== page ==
Microsoft investors don't show much love
Microsoft is off to the best start to a fiscal year since 1999, Chief Executive Steve Ballmer just gave a rosy outlook for the holidays...
Seattle Times technology reporter
Microsoft is off to the best start to a fiscal year since 1999, Chief Executive Steve Ballmer just gave a rosy outlook for the holidays and beyond, and the board of directors was re-elected Tuesday with near-unanimous support.
But Tuesday's shareholders meeting didn't have the spark longtime investors remember from the good old days.
"When I used to go to Microsoft meetings, it was like, 'Thank you, you made me a millionaire,' " said James Arnstein of Vancouver, Wash., who was attending his first shareholders meeting since 2000. "The room was just so powerful because you created so much wealth for the shareholders."
While there were plenty of kudos from investors, applause was generally tepid and there was no gaggle of shareholders seeking autographs from Chairman Bill Gates at the end of the meeting.
Microsoft continues to create wealth. The company returned $31 billion to shareholders last fiscal year, which ended June 30, through stock buybacks and dividends. That's 175 percent of the company's cash flow, which executives acknowledged is unsustainable.
And in the first quarter of this fiscal year, in which revenue rose 27 percent and profit rose 23 percent, the company's share price rose as well — finally, many investors would say. It eventually hit $36.81, a six-year high.
What happened next, while not unusual, bothered some shareholders. At least two made their discontent known to the company's leadership.
Since the quarterly report Oct. 25, Microsoft insiders have sold more than 15 million shares, according to regulatory filings.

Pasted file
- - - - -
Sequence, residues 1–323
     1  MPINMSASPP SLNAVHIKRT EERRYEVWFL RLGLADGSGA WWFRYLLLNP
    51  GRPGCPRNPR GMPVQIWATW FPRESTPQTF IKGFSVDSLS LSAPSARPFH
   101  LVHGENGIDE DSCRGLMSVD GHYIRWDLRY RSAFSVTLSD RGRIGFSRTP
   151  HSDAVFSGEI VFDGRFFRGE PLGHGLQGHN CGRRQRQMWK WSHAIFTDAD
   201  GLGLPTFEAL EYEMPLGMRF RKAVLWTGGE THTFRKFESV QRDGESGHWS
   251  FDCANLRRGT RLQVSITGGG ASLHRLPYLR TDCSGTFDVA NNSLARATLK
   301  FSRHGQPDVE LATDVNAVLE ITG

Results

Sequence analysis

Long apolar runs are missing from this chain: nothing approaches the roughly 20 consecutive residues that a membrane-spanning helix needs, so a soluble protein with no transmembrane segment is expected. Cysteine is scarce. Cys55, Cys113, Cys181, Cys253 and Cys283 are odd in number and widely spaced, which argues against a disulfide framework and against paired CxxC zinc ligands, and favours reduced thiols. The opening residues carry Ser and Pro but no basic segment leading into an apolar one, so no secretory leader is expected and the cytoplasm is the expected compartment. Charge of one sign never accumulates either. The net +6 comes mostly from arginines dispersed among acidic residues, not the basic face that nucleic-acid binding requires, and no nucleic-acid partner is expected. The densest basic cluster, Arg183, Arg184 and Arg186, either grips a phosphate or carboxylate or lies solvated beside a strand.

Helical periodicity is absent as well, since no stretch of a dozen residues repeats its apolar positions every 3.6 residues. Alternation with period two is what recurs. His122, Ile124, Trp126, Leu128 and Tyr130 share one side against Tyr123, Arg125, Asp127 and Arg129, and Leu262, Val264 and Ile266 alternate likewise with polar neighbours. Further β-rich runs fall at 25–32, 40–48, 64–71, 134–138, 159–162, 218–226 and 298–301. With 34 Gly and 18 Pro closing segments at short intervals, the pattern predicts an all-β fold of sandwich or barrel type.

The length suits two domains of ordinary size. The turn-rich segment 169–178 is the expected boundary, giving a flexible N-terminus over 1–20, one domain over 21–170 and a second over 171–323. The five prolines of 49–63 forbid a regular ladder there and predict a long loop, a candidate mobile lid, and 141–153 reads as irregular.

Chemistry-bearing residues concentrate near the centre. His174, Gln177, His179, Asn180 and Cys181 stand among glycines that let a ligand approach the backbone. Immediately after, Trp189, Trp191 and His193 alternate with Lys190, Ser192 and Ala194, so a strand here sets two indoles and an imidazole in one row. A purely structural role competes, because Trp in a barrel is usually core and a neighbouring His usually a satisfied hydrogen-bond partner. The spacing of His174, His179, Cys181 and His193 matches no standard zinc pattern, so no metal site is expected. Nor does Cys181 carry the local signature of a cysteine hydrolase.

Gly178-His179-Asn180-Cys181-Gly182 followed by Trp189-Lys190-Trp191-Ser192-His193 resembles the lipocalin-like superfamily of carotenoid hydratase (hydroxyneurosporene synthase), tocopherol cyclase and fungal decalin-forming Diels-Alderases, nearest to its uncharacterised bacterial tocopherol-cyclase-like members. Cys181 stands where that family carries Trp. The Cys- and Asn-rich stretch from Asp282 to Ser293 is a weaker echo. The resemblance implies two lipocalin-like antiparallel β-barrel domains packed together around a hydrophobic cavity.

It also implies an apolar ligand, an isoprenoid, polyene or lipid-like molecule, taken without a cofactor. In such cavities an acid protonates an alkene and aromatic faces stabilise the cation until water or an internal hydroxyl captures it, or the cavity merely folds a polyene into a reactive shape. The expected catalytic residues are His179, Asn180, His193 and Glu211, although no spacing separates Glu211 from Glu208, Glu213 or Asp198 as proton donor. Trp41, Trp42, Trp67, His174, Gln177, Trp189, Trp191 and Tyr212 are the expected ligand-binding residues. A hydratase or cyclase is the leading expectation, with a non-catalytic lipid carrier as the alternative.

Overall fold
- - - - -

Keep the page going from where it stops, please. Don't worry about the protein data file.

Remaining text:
Some sellers were exercising stock options or completing prearranged trading plans.
Most of the sales were by Gates, the largest stockholder, who unloaded 14 million shares between Halloween and Nov. 8, generating more than half a billion dollars.
"Like all the shareholders in this room and elsewhere, we were delighted three weeks ago when the stock took a nice bounce up and exceeded its six-year high," said Peter Schroeder, a Seattle man who said he owns 60,000 shares and has been an investor in the company since 1986.
"Curiously, after that, for about the next 10 days, the stock has been decreasing, falling down every day," Schroeder said.
(That trend reversed Tuesday when Microsoft shares gained 3.6 percent, or $1.19, to close at $34.46.)
The insider sales signaled to Schroeder — and, he said, to Wall Street — "a certain lack of confidence in the future of where the company was going."
Ballmer, who noted he was not among the selling insiders, said Microsoft directors and top managers remain significant shareholders.
"It's a significant part of what we own and our net worth and there's a lot of confidence I think in the future of the company, but from time to time people will certainly sell shares," he said.
Gates said he has "sold the same number of shares every quarter for over five years, so that's a plan that I've been on, so that's a very predictable thing.
"I do think that if you look at the volume that, clearly, there are factors in terms of overall market sentiment that are involved there, but I certainly agree with you we all want the stock to be as high as possible."
Also at the meeting:
• Two shareholder proposals were defeated. One would have authorized the board to create a committee on human rights. The other would have requested management to institute policies to fight Internet censorship.
• Ken Hutcherson, the senior pastor at Redmond's Antioch Bible Church who previously called for a boycott of Microsoft for its support of gay-rights legislation, made a brief statement to start the question-and-answer session. He warned the company he plans to lead "a firestorm" of opposition because of its policies and declared he represents one of its "worst nightmares."
Benjamin J. Romano: 206-464-2149 or firstname.lastname@example.org
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